No, President Trump did not pardon Steve Stockman. He should.

President Trump is being criticized in the lopsided Democrat media and even by establishment keyboard Republicans for using his authority under Article II, Section 2 of the Constitution to "grant reprieves and pardons for offenses against the United States."

The authority to pardon was exercised at common law in England before our written Constitution became America's paramount law over government.  State constitutions also provide executives authority in one way or another to issue such orders of clemency.  President Trump's legitimate use of that authority merely draws flak from the usual Trump Derangement Syndrome.

The December 22 batch of clemency orders that have drawn the ire of anti-Trumpers included not a pardon, but a commutation of the ten-year prison sentence for conservative former congressman Steve Stockman.

The abuses of justice against Stockman, both in his trial and during his time in prison, have been chronicled well at American Thinker.

To reiterate a few points, Stockman was an outspoken critic of Hillary Clinton, President Obama, Attorney General Eric Holder, and IRS official Lois Lerner.  He was targeted for criminal investigations, but at least three grand juries did not indict him before a fourth finally did after the Justice Department had its "batting practice."

The cultish fake news reported that Stockman had defrauded charitable donors, and that cascaded into charges of wire fraud and money-laundering.

The bogus and fabricated case against Stockman combined elements of soliciting donations from just two wealthy GOP donors for nonprofit causes that were political in nature.  The perfect legality of Stockman's activities are described in an amicus brief I filed in his appeal.

Stockman requested donations to provide seed money for nonprofit projects that were inherently political in nature.  The prosecution against him confused both the trial judge and jury, leading them to believe that nonprofit organizations may not engage in "political" activity at all.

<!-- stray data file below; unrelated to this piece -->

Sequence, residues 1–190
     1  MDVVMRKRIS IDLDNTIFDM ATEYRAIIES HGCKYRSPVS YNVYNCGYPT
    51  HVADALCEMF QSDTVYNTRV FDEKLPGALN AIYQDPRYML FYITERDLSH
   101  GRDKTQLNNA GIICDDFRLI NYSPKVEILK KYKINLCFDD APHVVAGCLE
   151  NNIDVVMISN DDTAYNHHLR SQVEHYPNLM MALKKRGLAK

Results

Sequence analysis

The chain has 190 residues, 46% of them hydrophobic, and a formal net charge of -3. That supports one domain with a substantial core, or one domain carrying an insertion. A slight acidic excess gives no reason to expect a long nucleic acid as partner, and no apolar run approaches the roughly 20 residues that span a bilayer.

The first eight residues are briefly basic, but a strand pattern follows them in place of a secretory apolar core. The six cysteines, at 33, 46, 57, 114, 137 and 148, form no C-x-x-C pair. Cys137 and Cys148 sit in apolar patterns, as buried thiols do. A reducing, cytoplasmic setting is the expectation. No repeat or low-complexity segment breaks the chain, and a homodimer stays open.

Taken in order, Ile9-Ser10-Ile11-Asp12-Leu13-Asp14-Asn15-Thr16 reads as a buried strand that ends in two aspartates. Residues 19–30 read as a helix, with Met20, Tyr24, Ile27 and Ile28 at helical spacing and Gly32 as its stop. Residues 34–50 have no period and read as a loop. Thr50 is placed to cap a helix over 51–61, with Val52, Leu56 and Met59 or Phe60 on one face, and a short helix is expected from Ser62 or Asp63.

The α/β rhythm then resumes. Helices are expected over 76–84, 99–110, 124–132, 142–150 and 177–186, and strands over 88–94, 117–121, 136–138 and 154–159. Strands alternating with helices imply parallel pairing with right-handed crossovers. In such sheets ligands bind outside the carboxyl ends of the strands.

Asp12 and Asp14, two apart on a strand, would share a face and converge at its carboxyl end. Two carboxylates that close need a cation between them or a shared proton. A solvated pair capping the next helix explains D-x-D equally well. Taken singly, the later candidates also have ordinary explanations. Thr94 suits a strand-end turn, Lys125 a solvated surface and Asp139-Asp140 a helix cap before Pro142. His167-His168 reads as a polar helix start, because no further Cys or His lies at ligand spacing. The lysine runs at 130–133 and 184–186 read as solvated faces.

Just in the past political cycle, leftist nonprofits outraised right-leaning nonprofits by five times to influence the election.  At Stockman's trial, however, the confused judge held up one key exhibit mailed by a nonprofit organization on Steve's side critical of his establishment GOP primary opponent and said quite pointedly, "This is political."  The confused jury took its cue from her, as if it were witchcraft in Salem.

Stockman's case, quite literally, was the criminalization of politics.  The charges of wire fraud and money-laundering could not have been brought against him without the corrupt case that my amicus brief, linked above, shows was bogus.

Even though Stockman's sentence has now been commuted, he remains on parole, so we can expect that more bogus charges will be brought against him if he is to re-engage as an effective conservative critic of government corruption.  Also, his travel is severely restricted, and he is now being deprived of his right to vote and his Second Amendment rights.

While there is no need to re-litigate a case for purposes of issuing pardons — even in the face of the cultish media criticisms of his commutation — this is a perfect example of why the presidential pardon power can and should be used to remedy injustices caused by abuse of prosecutorial power.

Mr. President, pardon Steve Stockman.

Image: Gage Skidmore via Flickr, CC BY-SA 2.0.

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